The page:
Shanghai probes sex claims against officials

CHINA - Shanghai's top court suspended four judicial officials on Sunday amid allegations from an anonymous blogger that they patronized prostitutes.

The scandal came to light on Friday after the anonymous blogger, identified by two newspapers under the surname Ni, posted a video of a group of court officials arm-in-arm with female karaoke partners at a resort hotel on June 9. The blogger claimed five court officials later paid for prostitutes, though the Shanghai Disciplinary Commission said it is investigating four officials.

The commission said on its micro blog on Sunday that the four officials - including Chen Xueming, chief judge of the No 1 Civil Tribunal at the Shanghai High People's Court, and Zhao Minghua, deputy chief judge of the high court's No 1 Civil Tribunal - have been suspended and are being investigated.

The commission pledged it will release results from its investigation to the public.

"The disciplinary commission is investigating the incident, and we have no information on how it is going," Zhang Guanqun, the high court's spokesman, said on Sunday.

Zhang declined to clarify whether four or five officials were being investigated.

The scandal is the latest to embroil Party officials in accusations of sexual impropriety and another major blow to the credibility of China's judiciary system following the removal of former Supreme People's Court vice-president Huang Songyou after he was convicted of bribery and embezzling funds.

Huang was sentenced to life in prison in 2010 for accepting more than 3.9 million yuan ($636,000) in bribes.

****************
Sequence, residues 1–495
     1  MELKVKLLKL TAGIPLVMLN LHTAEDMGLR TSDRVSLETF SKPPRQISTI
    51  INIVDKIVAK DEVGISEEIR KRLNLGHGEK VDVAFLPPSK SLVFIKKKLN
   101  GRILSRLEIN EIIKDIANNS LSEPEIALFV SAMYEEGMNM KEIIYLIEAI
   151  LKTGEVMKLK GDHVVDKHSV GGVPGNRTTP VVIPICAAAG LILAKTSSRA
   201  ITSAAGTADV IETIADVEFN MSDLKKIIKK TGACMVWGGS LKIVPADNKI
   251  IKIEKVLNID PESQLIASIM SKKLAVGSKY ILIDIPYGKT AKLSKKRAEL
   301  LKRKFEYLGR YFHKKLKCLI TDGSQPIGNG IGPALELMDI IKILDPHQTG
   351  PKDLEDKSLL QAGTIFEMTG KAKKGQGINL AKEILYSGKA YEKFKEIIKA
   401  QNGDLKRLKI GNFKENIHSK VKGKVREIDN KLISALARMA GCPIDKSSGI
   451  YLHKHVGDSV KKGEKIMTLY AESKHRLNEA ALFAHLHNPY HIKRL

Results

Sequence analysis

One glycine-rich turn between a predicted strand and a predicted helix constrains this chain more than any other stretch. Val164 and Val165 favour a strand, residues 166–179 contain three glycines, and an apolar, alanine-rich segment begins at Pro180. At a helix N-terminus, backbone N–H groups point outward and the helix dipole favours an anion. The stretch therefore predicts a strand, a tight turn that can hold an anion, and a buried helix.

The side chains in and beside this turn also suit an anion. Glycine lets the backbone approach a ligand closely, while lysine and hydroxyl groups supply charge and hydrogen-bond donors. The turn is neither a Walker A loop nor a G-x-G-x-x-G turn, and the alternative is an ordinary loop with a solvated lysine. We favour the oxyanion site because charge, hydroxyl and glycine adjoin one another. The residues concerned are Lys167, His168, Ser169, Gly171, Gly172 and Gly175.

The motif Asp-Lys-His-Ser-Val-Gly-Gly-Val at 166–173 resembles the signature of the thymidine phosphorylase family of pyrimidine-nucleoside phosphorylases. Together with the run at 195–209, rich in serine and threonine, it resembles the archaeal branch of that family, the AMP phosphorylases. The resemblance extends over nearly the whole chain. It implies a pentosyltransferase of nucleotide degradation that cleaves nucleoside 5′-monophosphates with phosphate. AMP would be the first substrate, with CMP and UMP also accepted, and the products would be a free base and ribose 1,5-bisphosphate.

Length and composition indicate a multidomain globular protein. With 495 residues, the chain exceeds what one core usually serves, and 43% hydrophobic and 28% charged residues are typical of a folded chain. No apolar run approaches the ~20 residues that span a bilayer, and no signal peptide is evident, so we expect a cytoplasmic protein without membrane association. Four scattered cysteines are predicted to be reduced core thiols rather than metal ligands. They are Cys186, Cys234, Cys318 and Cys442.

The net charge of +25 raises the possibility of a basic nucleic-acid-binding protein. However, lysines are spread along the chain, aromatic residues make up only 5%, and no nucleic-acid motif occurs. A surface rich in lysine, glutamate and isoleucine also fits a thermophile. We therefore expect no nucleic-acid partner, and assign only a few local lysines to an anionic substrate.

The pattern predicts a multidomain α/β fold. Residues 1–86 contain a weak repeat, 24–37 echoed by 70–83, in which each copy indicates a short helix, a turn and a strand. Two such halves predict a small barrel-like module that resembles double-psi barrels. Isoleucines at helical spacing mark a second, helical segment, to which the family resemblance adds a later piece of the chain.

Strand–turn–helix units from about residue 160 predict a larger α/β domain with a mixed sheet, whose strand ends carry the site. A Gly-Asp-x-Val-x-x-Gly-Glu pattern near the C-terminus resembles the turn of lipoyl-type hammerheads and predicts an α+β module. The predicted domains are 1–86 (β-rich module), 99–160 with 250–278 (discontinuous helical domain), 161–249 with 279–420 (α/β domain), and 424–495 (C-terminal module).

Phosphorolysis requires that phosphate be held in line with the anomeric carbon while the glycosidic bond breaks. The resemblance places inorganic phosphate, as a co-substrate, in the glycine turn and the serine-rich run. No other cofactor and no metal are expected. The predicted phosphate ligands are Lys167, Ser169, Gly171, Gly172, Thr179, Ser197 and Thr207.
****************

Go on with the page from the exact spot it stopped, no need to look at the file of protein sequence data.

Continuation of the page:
In the latest scandal, the video shows court officials with prostitutes at Hengshan Resort in Shanghai's Pudong New Area, one of several hotels in the city that are often patronized by Party and government officials on business trips.

Ni, the informant, said he started collecting evidence on Zhao a year ago. Ni claimed that he suspected Zhao inappropriately intervened in a civil case in 2009 that led to an unfair court ruling and consequently to a financial loss of millions of yuan for Ni.

"I was forced to this step because the ruling of that civil case forced me to sell my only apartment," Ni was quoted as saying by Beijing Times on Sunday.

According to the newspaper, Ni and the unidentified company that he owned were involved in a civil case against a plaintiff in 2009. Two lower courts had ruled against him and he also lost an appeal to the Shanghai High People's Court.

In July 2012, he sold his downtown Shanghai apartment to raise enough money for the compensation owed to the plaintiff in the civil case, according to the report.

At the time, Ni discovered that Zhao was a relative of both the plaintiff and his attorney and began looking for evidence against the court judge to show that Zhao violated Party and court rules.

Ni said he then began following Zhao with equipments including an iPad and a smartphone, keeping his whereabouts hidden from his loved ones.

After a year, he said, he had collected enough video clips to reveal Zhao's penchant for spending on luxury items and on women.

Ni also insisted that he collected all of the video evidence through legal means and has never met Zhao personally.

On the evening of June 9, Ni said, he followed Zhao's car to the Hengshan Resort. Chen and three others were Zhao's passengers, the report said.

At the resort, the group ate dinner and sang karaoke in one of the most expensive private rooms. After the group retired to their rooms, the video shows young women entered their hotel rooms and came out after a few hours.

On June 13, Ni said, he asked the hotel management for its surveillance video footage under the excuse that he had his belongings stolen during a falsified stay at the resort.

He then recorded the hotel's video footage with his iPad and smartphone.

According to the Beijing Times, employees at Shanghai's disciplinary commission approached Ni on Friday night and spoke with him for several hours on Saturday at their office. The paper said that Ni told the commission that he was acting under his own volition.

He also revealed that his main target was Zhao and that catching Chen and three others in the video was a windfall.